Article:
20 years ago today, life as I knew it changed, irreversibly.
I was only seven years old, but when we got the news that you had been in an accident, I just knew in my heart that I’d never see you again. I don’t know how, but I just did.
The mind is a funny thing, I had been ill before, but the realisation of something I couldn’t share, couldn’t explain made it drown in despair and so I became even more ill.
By the time they gave us the news of your demise, it was a confirmation of my very worst fears. I remember running upstairs, bawling my eyes out.
And then I remember the guilt, because I remembered begging you not to go on that ill fated journey. I remember crying, insisting that you be the one to take me to the hospital. But you pulled my nose and promised to be back soon, so even though I whined, I let you go, not knowing it was the last time.
So I cried for our loss and cried for my guilt. Perhaps if I had thrown a bigger tantrum, you’d have postponed the journey and you’d still be here with us. After all, I always got my way with you, I had your mumu button, and I knew how to use it. I blamed myself for letting you go out that day.
The last look I got of you is your cold and lifeless body lying in the living room of the Ijebu house, with something that looked like cotton wool stuck in your ears and nose. The rest of that day is a blur.
Then life changed, a lot. We had to readjust; we gave up so many luxuries that we had taken for granted. Domestic workers were reduced to the barest minimum and suddenly, we had to ration our spending. We wanted the same things we had always had but we suddenly could not afford them.
I had to go to boarding school, where half the time, all I thought about was you; the other half, I spent reading. My imagination grew wild, very wild.
Sometimes I’d think I had been a naughty girl and so you were trying to teach me a lesson by pretending to be dead. Sometimes I’d think you faked your death because some evil people were after you, so you needed to pretend they had succeeded while you dealt with them. Sometimes I thought we had buried you in error, that you weren’t dead, but we thought you were… and that miraculously, you’d survive and dig your way out.
Name the scenario, I thought it up.
I think it took me some three years to come to accept that you were gone, and it only took even more grief, before I came to the acceptance of your demise.
It’s two decades now, but I miss you daddy. Every single day. You were my hero, you still are and I love you even more now than I did as a child.
I have grown up and I’ve seen a fraction of how much wickedness is in the world and I am convinced, more than ever, that you are one of the few good things this world had.
I am so proud of you, always and forever. You were a good man, the very best. I can’t even count how many times people have heard my surname, asked if I was your daughter, and then told me what a wonderful man you were. And it makes my chest swell with pride, each time.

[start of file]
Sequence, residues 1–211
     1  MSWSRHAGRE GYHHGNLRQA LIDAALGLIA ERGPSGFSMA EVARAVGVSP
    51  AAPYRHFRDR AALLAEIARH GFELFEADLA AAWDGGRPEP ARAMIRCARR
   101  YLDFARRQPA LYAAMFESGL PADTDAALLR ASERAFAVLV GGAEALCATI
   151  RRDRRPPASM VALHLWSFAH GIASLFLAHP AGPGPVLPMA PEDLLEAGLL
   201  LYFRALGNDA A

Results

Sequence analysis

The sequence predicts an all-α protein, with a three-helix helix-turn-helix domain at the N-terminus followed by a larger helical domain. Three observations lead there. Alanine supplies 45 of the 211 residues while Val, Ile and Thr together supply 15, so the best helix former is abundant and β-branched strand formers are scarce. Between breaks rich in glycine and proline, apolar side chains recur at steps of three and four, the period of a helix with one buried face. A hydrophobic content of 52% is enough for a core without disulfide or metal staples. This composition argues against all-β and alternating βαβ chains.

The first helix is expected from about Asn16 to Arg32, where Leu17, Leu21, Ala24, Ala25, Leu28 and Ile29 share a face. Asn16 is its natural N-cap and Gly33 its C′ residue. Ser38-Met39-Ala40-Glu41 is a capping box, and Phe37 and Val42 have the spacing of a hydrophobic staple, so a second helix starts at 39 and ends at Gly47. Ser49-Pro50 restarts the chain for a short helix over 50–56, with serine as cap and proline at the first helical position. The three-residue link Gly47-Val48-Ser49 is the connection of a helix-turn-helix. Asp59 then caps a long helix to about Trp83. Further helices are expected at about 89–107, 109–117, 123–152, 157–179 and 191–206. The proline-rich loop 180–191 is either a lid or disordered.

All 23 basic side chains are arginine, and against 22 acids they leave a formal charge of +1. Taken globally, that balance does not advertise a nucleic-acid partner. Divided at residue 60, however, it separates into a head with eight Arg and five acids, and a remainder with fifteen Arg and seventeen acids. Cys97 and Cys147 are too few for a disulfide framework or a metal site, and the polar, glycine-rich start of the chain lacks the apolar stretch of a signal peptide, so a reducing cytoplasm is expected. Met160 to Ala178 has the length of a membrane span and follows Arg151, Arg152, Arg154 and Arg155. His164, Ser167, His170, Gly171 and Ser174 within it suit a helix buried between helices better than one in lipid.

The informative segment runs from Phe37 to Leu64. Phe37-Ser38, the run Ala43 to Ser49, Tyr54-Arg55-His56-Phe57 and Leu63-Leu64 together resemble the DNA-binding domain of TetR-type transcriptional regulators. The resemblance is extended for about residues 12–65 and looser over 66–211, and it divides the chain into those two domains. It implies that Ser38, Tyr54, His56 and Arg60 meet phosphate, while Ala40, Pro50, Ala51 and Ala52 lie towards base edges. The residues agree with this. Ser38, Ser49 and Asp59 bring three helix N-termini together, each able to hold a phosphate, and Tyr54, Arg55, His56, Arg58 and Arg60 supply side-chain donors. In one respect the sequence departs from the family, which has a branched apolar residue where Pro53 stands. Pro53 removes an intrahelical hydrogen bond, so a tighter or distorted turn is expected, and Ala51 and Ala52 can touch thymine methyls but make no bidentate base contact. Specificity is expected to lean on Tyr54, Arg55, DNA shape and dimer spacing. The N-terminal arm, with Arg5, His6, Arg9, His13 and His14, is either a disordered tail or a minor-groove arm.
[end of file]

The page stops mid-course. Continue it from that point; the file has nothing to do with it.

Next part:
I have had people offer me assistance just because I am your daughter. I have had people walk up to me at parties to say I look familiar and when I introduce myself, they gush about being happy to meet me, your daughter.
20 years is a long time to have not heard from you, or see your smile or hear your bubbly, rumbling laughter or have you pinch my nose and tease me. I miss you daddy, I miss you a lot.
I hope that you’re proud of the woman I am becoming. I have made some mistakes but I have tried so hard to remain the daughter you were proud of. I hope I have made you happy, because without a doubt, you have made me happy. I try to make you happy too, and I can only hope I am succeeding.
You lived for a short time, but your impact is everlasting. Thank you for everything you did for us and for the world. Knowing what I know now, fathers like you are rare and I am so lucky to have had you.
In another world, another lifetime, an alternate existence, I’ll still be your girl. Even if it meant being fatherless at seven again, one week as your child is worth it.
This is probably a waste of time because you can’t even read it but I have so many things to say to you. so many, I had to get some of them out.
I hope I still make you happy like I did back then. I hope you can still look at me and smile. I hope you’re proud of those you left behind. I hope I am doing right by you.
I’ve missed you at my graduations and I know I’m going to miss you at my Nikkah and Aqeeqah. I know I’ll never stop missing you.
May your sins be forgiven. May we be reunited in the great forever. May the sadaqah we do in your name be accepted. May Allah be pleased with you. May you reside in the gardens beneath which rivers flow.
– Love always,
Your little girl.